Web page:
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Australian Adventure

We spent the holidays in the land of bouncing kangaroos, screaming cockatoos, crimson parrots and eucalyptus trees (600+ species of eucs)! Our son Todd and his wife Kelsey were wonderful tour guides, treating us like royalty. Todd’s in grad school studying dispersal of fungi by vertebrates. We met various friends and mentors and checked out various national parks in temperate areas of New South Wales (called the New England high country)—even some rainforests.

Folks in Australia drive on the left side of the road, and many are hesitant about driving after dark because of the risk of a kangaroo bouncing through your windshield. Many cars have rugged metal bumpers called “roo guards.” Towns have very few stop signs—at crossroads they generally have a triangular yield sign that says “give way,” meaning you don’t have the right of way but you don’t have to come to a full stop. (I think about all the traffic tickets I wouldn’t have had to pay.)

It does seem strange to have Christmas around the summer solstice. Todd was pointing out a June bug to one of his friends and they replied, “That’s not a June bug; that’s a Christmas beetle!” They speak English, but there are a lot of terms that are different. Elevators are called “lifts”. Chickens are called “chooks.” In the city, ibises are called “bin-chooks” because they’re often seen rummaging around in trash bins. (Maybe they would be a good totem animal for dumpster divers!) Hiking is called “bush- walking.” Trails are “tracks.” Crawfish are called “yabbies.” Pickup trucks are called “utes.” Pastures are “paddocks.” Our favorite expression so far: Someone was talking about a rare animal; she said, “They are rarer than rocking horse shit.”

My favorite critter so far has been the foot long, half pound+ lizard called the blue tongue skink. It’s thick- bodied and rather sluggish and defends itself by opening its large mouth and sticking out its blue tongue and waving it at you.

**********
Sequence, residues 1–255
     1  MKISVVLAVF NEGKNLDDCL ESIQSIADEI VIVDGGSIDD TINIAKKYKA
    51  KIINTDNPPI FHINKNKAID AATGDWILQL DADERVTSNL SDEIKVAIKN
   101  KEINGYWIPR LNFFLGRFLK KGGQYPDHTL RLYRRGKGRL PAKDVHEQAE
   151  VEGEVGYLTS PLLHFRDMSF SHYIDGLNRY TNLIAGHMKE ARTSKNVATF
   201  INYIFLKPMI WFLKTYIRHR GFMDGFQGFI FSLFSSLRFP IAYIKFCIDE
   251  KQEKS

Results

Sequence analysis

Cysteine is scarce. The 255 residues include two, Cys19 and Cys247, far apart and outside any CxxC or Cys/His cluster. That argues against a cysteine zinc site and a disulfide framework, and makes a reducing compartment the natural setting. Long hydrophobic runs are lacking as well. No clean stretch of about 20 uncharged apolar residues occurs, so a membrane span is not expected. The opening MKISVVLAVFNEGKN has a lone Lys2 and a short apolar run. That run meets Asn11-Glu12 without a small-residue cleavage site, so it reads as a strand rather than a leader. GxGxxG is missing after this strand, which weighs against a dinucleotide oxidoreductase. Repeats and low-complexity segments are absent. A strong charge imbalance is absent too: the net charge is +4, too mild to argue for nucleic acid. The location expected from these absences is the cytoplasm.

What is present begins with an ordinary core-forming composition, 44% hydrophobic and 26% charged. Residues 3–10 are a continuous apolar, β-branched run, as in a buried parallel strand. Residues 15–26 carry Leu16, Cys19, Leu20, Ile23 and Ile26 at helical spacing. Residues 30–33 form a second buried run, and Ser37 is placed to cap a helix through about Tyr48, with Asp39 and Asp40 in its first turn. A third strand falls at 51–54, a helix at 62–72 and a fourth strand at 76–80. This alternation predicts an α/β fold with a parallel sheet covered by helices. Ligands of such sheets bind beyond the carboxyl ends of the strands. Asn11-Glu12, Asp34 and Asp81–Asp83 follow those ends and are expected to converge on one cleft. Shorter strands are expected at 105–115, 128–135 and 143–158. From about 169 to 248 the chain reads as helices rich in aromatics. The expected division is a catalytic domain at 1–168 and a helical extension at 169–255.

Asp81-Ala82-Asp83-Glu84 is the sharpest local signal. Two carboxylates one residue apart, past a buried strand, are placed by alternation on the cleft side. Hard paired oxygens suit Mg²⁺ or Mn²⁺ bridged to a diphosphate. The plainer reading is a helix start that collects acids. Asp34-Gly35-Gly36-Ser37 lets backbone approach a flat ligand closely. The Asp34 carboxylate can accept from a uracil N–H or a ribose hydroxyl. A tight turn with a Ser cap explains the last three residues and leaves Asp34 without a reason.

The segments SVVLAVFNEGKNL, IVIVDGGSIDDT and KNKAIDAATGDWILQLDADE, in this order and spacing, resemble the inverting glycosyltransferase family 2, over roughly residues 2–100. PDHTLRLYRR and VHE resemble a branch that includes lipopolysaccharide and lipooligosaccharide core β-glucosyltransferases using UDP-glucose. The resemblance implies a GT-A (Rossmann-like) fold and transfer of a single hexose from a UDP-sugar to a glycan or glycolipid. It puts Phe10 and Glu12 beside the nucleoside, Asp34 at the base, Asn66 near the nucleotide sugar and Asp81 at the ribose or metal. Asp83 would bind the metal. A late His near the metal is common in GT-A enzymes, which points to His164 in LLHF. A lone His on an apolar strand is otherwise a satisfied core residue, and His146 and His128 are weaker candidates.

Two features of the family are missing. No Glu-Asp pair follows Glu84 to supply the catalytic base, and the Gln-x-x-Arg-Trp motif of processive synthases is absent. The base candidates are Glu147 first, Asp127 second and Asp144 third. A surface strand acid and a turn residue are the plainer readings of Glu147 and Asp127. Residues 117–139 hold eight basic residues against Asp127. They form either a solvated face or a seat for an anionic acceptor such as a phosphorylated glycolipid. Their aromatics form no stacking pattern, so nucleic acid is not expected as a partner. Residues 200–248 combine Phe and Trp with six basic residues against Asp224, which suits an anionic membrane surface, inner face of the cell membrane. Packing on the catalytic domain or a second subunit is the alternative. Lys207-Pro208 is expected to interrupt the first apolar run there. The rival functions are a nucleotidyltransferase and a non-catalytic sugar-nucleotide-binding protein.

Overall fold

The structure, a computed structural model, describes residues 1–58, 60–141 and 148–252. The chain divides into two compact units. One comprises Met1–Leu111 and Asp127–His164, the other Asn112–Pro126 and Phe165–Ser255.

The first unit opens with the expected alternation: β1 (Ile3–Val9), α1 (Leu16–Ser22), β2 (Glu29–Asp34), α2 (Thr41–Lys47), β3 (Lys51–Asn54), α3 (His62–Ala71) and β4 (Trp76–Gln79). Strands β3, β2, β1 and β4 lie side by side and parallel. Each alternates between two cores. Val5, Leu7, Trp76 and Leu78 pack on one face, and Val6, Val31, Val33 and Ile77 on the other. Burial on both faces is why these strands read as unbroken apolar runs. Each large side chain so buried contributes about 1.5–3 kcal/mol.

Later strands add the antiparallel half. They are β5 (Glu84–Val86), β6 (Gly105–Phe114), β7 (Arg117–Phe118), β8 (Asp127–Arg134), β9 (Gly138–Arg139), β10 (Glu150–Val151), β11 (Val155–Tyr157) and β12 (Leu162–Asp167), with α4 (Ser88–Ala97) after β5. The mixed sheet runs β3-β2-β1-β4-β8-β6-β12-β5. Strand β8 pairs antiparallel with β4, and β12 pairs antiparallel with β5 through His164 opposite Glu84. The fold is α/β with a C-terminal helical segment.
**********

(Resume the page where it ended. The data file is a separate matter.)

I’m dreaming of a surreal Christmas…
We became aware of another interesting critter when Yanna noticed a big, oozing bloodstain on her pants leg. She had just had a visitation by a terrestrial leech. When a leech bites, it injects an anti-coagulant so the tiny wound keeps bleeding. The leeches are almost 2 inches long when stretched out. In one forest we explored, if you stopped for a little while you could see the leeches humping along toward you like a horde of thin, slimy inchworms. One of our friends saw one on my arm. She just rolled it up and flicked it away, “like a ball of snot,” she said. Any way you look at it, leeches really suck!

I’m dreaming of a surreal Christmas…

At least the parrots are red
and green!

The carpet python is the most dramatic snake we’ve seen. There were several of them hanging around one of the places we visited for a New Year’s gathering. One of them was 7 feet long, and it created quite a scene when it was discovered hanging out in the outhouse. It’s non-venomous and was delightfully easy to handle. Australia has a lot of snakes and many of them are venomous. We’ve seen a red- bellied black snake and a tiger snake—both venomous. We didn’t mess with them!

We’ve seen a couple of bowers made by bowerbirds. When mating season approaches, the male bird builds a “bower” (a runway/platform with two sides made of vertical grasses and thin twigs). Then he collects various objects to decorate his bower. When he gets his decorations in order and attracts the attention of the female, he does a little dance and shows off his treasures.

In the case of the satin bowerbird, he really prefers blue objects—one of the bowers we saw had blue flowers, blue parrot feathers, bottle caps, and lots of blue plastic clothespins. Todd had been watching this particular bower for several years. When he first saw it in 2010, the bower was just beginning to be constructed and all that was there was a blue sheep ear tag and a few blue-colored blewit mushrooms. That was when he realized that even birds collecting ornamentation for their bowers can in fact affect the distribution of mushrooms. He wrote a scientific paper about this and it got published in the journal, Australasian Zoologist. ( Look for it at your favorite news stand 🙂

Shortly after midnight on New Years Eve, a brushtail possum came to visit. What a nice way to start the new year!